Advertisement

Dragonflies In Myth And Legend

topic posted Tue, March 25, 2008 - 1:30 AM by  Unsubscribed
Share/Save/Bookmark
Menacing and marvelous, the dragonfly has for centuries captivated human imaginations with its daredevil flying maneuvers, vibrant colors and bullish disposition.

Predating the dinosaur, this fascinating insect of the order Odonata (meaning "toothed") has long been the subject of chilling myths and legends. In fact, the dragonfly's terrifying syringe-like appearance earned it a laundry list of dastardly names in world-wide folklore including "Devil's Darner," "Water Witch" and "Snake Doctor."

In European and early-American myths, children were told that if they misbehaved, a dragonfly would sew shut their eyes and ears as they slept. Another myth warned that dragonflies were in cahoots with snakes and were able to wake them from the dead or warn them of impending danger. And in Swedish folklore, dragonflies were called "Blindsticka" or "Blind Stingers," and rumored to have had a penchant for picking out human eyes. The Swedes also believed that dragonflies were used by the Devil to weigh people's souls, and that if a dragonfly swarmed around someone's head weighing his or her soul, that person could expect great injury.



fordi altid hen til mig elske JEG elske jer

Modern science and communications have debunked these unnerving myths, noted Hennepin Parks Senior Naturalist Kathy Heidel, who pointed out that dragonflies cannot even sting or bite (save for a slight pinch). In fact, many are coming to realize the long-misunderstood insect's beauty and contributions as a water-quality indicator and mosquito-eater.

"They were myths and legends that were based on ignorance," Heidel said. "People were fairly uneducated, plus the dragonflies had such horrible-looking eyes and faces. They looked so dangerous that people thought they could sting and bite, and the old legends were created to discourage people from getting near them, like we now discourage people from getting near bees."

Of course, not all dragonfly myths and legends are so unnerving. In fact, the Swedes who called the dragonflies the "Devil's Steelyards" also recognized the dragonfly as a holy animal, and to one Swedish cult, it symbolized the love goddess Freya. The Chinese and Japanese also have long revered dragonflies as holy animals. In Japan, dragonflies symbolize victory in battle. Legend has it that the Emperor of Japan was once bitten by a horsefly that was later eaten by a dragonfly. To honor the dragonfly, he named Japan "Akitsushima," or "the Isles of the Dragonfly." Today, Japan is a global leader in the study of dragonflies. It even has a scientific journal dedicated solely to the dragonfly. In Japan and other parts of Asia and the East Indies, dragonflies are considered a delicacy.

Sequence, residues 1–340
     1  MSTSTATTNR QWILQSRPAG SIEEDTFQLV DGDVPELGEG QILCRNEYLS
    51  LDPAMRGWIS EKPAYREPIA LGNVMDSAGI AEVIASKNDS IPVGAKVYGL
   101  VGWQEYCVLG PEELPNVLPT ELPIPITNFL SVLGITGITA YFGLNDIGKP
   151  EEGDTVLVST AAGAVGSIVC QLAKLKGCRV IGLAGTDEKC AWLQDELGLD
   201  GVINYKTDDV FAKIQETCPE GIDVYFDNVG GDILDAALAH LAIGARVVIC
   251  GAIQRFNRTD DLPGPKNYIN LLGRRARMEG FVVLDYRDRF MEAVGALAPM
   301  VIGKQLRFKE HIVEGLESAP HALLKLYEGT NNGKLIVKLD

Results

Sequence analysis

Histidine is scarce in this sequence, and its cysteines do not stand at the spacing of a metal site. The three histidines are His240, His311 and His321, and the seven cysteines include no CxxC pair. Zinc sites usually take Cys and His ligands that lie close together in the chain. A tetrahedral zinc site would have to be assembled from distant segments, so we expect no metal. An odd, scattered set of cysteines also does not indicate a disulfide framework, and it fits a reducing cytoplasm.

According to "Life on a Little-known Planet" by Howard Ensign Evans, children of the island of Lombok catch dragonflies on long polls that are smeared with a sticky substance. The insects are then fried with onions. In Bali, dragonflies are fried with coconut oil and vegetables and spices. And in Thailand, Laos and other parts of eastern Asia, dragonfly larvae are served roasted.



The myths and legends of the dragonfly differ from East to West and many different cultures used dragonflies as symbols of both good and evil.

In China the dragonfly was not regarded highly, only as a symbol for summer and also for instability and feebleness. In Japan, however, the dragonfly is symbolic of success, victory, happiness, strength and courage. During the 11th century noble Japanese families used the dragonfly as ornamentation on everything from furnishings to textiles. The dragonfly was chosen as a part of the Samurai family crest. Japan was not always named Japan. Japanese legend has it that an Emperor was bitten by a horsefly which, in turn, was eaten by a dragonfly. The Emperor honored the dragonfly by naming what is now Japan “Akitsushima” which, during that time, translated to “Isle of the Dragonfly”.

The reputation of odonatas may have been tarnished a bit in 15th-century Europe when the insects were associated with snakes and the devil and actually feared to be dangerous. The English today call them “hos-stingers” and Australians call them “horse-stingers”. It is believed that these names came about because it appeared that dragonflies were swarming around horses who were kicking and jumping as they were being bit when, in reality, the dragonflies were feasting on other flying insects that truly were the ones biting the horses. The Italians believed that Satan sent dragonflies up from hell to cause mischief in the world.

Dragonfly myths and folklore spread from Europe to the Americas. The dragonfly was given the name of “Devil’s Darning Needle” because of an almost comical superstition about the dragonfly sewing the mouths shut of lying children, scolding women and cursing men as they slept. The Navaho Indians believe the dragonfly to be symbolic of water purity and reflect it in many of the textiles and jewelry they design. One of most delightful stories about the dragonfly is a Zuni myth about two children who were left behind by the villagers when the corn crop failed. The little boy constructed a toy dragonfly from corn husks to cheer up his sister. The dragonfly eventually came to life and appeased the corn maidens who created a bountiful harvest of corn to welcome the villagers back.



Dragonfly--Flighty, carefree. Dragonflies symbolize whirlwind, swiftness and activity. The dragonfly is an important insect in Zuni legend, where they are shamanistic creatures with supernatural powers. In Hopi rock art, the dragonfly is symbolized by a vertical line with two or sometimes one, horizontal cross line.
posted by:
Unsubscribed
Advertisement

Recent topics in "FOLKLORE AND MYTHOLOGY"